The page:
Government | Regulation

Good Governance, not Big Government

How financial governance not fiscal expansionism remains the key to growth and stability in a world of global financial integration.--Notes from CEDA's Board of Governors Meeting held 20 October 2009.

Paper by Dr Michael Porter presented at the CEDA Board of Governors Meeting, 20 October 2009.

In Brief

The global financial crisis has caused a rethink of fundamentals. This paper, to the contrary, argues that it was a retreat by the finance sector and its apostles from fundamentals that was the problem. But the known workings of a highly integrated financial market need to be respected. In particular:

  • That sound and predictable governance, not big government, is the key to human well being;
  • That in an integrated financial world we benefit substantially by managing a disciplined financial structure
  • That the structure and regulation of financial and labour markets remain the keys to economic performance.
  • That with near complete (electronic) financial integration, we and all countries in the market are at risk of contagion when there is a collapse say in the US or other lead economies. This only strengthens the above points.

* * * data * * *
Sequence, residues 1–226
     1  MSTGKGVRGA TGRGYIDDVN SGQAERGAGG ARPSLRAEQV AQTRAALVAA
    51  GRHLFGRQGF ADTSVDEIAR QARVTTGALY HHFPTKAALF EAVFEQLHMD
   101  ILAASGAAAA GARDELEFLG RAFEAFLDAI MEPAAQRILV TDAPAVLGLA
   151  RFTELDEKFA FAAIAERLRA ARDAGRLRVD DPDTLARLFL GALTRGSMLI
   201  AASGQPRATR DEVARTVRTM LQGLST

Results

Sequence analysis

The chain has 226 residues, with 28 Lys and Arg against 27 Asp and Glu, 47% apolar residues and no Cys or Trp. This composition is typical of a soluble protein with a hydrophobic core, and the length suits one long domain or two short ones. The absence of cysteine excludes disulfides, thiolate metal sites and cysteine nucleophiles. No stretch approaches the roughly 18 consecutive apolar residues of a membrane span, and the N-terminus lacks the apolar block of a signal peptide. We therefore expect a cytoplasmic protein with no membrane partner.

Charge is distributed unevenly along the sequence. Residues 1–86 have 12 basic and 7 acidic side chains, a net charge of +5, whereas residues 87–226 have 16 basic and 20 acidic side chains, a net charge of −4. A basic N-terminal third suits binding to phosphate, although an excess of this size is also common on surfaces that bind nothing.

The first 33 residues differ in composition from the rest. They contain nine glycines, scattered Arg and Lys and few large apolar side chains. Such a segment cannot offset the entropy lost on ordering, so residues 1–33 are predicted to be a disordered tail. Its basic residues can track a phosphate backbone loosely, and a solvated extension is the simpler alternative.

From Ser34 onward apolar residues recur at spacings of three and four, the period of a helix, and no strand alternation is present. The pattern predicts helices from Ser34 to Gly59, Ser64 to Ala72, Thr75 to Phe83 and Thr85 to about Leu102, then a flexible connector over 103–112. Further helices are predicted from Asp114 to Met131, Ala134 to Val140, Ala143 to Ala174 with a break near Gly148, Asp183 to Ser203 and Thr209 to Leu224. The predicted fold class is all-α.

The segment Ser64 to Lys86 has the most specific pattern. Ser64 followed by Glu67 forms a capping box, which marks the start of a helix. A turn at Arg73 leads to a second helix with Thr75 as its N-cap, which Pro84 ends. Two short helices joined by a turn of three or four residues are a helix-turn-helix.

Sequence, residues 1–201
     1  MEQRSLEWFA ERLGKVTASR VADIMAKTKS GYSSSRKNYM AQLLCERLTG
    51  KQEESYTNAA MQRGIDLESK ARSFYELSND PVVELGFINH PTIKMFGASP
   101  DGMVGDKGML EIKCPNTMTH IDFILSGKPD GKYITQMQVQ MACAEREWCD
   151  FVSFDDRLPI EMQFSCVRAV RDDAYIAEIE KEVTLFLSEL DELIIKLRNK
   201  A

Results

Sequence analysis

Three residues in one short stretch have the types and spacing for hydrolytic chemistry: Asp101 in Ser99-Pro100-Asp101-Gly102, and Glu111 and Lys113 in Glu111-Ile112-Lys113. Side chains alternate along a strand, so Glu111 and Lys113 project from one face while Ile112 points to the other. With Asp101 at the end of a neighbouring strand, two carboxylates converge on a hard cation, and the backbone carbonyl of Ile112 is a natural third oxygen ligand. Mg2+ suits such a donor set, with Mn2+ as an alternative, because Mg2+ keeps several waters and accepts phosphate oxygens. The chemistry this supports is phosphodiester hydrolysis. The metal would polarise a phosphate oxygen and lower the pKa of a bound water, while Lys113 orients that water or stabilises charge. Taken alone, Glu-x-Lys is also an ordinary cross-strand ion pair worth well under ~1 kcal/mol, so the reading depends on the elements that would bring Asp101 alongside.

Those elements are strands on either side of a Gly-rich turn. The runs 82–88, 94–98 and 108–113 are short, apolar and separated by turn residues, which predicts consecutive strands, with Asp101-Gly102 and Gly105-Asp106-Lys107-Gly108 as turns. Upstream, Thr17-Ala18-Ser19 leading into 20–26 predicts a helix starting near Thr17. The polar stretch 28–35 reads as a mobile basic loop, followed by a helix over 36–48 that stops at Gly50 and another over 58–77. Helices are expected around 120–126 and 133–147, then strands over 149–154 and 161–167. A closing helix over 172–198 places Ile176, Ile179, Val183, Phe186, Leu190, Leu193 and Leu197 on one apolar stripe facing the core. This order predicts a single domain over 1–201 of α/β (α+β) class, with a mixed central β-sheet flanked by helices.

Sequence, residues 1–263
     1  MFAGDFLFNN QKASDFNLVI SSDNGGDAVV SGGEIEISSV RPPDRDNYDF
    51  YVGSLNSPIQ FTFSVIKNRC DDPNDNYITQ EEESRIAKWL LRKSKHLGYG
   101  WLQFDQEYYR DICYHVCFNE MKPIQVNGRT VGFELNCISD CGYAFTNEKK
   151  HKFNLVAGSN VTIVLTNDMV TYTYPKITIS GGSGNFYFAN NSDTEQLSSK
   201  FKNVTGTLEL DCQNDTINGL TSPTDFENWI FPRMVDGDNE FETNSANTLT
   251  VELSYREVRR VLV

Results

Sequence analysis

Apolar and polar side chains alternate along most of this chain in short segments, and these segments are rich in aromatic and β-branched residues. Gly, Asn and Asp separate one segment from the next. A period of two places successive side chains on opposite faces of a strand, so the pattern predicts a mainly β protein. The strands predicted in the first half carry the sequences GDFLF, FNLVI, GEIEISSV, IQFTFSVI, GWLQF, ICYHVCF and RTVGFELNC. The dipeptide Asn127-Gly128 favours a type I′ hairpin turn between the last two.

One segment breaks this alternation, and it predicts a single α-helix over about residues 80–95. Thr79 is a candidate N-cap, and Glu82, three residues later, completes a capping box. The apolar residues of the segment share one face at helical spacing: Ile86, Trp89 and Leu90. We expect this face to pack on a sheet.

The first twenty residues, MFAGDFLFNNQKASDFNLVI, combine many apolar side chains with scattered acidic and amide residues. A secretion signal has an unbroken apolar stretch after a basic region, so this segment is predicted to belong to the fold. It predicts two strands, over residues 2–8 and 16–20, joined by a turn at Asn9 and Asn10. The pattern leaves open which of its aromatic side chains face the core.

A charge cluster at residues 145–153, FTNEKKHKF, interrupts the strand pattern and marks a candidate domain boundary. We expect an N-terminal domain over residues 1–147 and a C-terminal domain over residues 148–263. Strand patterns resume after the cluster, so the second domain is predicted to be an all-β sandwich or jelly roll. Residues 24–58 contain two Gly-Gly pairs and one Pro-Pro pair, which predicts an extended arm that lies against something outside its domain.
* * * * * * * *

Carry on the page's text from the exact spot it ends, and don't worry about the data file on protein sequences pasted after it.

• This high integration also makes downturns and upturns capable of being more rapid as capital market access turns off and on. The scale of these effects most likely dwarfs Keynesian stimuli, which can make matters worse by crowding out private activity and adding risk.
  • That the economic and financial wiz and probability theorist Keynes would not be a "Keynesian" in the 21st century. He would be endorsing classical central banking and attending to fully informed balance sheets and financial transparency.
  • That the basis for the Australian economic surge is real - and reflects sustainable growth of China, India and beyond.
  • That the mix of Asian growth will reflect extent of change to better governance. The resulting growth will drive Australian exports for decades, as many in the region converge on a levels of income reflective of technology and governance.